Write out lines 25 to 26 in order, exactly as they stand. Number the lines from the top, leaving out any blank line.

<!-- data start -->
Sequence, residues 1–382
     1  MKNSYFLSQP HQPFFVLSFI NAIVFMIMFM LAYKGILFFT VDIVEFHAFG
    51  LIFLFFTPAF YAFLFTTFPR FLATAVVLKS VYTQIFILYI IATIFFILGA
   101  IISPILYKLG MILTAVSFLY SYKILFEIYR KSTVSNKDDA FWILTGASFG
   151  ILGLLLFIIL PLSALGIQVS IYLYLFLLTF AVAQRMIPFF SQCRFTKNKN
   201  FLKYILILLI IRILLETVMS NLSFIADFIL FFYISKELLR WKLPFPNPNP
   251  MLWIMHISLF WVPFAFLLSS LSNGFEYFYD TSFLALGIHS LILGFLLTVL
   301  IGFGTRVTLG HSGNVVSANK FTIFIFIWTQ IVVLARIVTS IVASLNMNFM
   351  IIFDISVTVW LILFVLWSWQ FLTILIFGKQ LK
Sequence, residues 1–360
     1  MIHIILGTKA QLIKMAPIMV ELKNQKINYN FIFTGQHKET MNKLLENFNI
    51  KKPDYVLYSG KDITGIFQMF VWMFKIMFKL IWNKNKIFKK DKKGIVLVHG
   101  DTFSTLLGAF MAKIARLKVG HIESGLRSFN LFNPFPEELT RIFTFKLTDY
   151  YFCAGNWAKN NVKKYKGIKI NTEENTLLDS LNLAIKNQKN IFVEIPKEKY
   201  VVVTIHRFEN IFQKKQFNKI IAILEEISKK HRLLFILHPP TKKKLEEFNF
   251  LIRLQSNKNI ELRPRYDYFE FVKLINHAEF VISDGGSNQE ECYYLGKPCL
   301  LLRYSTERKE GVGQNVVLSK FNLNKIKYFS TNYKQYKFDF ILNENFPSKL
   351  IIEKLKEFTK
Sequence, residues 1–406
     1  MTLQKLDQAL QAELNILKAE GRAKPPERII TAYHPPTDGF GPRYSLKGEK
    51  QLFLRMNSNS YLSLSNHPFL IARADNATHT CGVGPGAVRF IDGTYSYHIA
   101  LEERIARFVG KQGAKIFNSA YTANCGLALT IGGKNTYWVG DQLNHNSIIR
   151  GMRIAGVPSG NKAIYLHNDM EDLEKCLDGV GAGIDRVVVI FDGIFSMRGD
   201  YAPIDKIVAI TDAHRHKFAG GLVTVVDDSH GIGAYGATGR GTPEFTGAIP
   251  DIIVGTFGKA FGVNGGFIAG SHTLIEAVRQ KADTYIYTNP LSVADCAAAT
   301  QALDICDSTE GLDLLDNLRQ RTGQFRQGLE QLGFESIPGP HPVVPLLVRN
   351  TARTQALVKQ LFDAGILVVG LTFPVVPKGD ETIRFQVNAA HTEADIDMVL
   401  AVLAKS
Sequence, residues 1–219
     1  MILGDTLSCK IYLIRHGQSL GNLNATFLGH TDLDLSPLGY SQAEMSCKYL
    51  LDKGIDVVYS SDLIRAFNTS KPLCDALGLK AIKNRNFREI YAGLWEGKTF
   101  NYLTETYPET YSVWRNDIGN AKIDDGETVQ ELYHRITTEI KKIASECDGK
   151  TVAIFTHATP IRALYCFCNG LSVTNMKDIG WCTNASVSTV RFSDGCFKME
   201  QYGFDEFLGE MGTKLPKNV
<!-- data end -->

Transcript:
   251  DIIVGTFGKA FGVNGGFIAG SHTLIEAVRQ KADTYIYTNP LSVADCAAAT
   301  QALDICDSTE GLDLLDNLRQ RTGQFRQGLE QLGFESIPGP HPVVPLLVRN